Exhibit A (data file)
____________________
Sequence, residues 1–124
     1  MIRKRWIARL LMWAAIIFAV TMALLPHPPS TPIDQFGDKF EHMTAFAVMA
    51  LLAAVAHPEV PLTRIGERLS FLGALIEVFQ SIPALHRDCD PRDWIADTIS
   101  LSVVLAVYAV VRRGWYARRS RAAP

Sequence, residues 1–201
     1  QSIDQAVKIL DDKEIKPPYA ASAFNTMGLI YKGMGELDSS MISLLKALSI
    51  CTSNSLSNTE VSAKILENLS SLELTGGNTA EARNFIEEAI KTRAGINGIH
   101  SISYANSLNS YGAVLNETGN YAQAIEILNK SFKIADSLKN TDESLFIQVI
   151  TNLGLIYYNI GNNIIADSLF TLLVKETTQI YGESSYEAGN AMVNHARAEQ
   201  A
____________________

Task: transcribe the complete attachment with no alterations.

Sequence, residues 1–124
     1  MIRKRWIARL LMWAAIIFAV TMALLPHPPS TPIDQFGDKF EHMTAFAVMA
    51  LLAAVAHPEV PLTRIGERLS FLGALIEVFQ SIPALHRDCD PRDWIADTIS
   101  LSVVLAVYAV VRRGWYARRS RAAP

Sequence, residues 1–201
     1  QSIDQAVKIL DDKEIKPPYA ASAFNTMGLI YKGMGELDSS MISLLKALSI
    51  CTSNSLSNTE VSAKILENLS SLELTGGNTA EARNFIEEAI KTRAGINGIH
   101  SISYANSLNS YGAVLNETGN YAQAIEILNK SFKIADSLKN TDESLFIQVI
   151  TNLGLIYYNI GNNIIADSLF TLLVKETTQI YGESSYEAGN AMVNHARAEQ
   201  A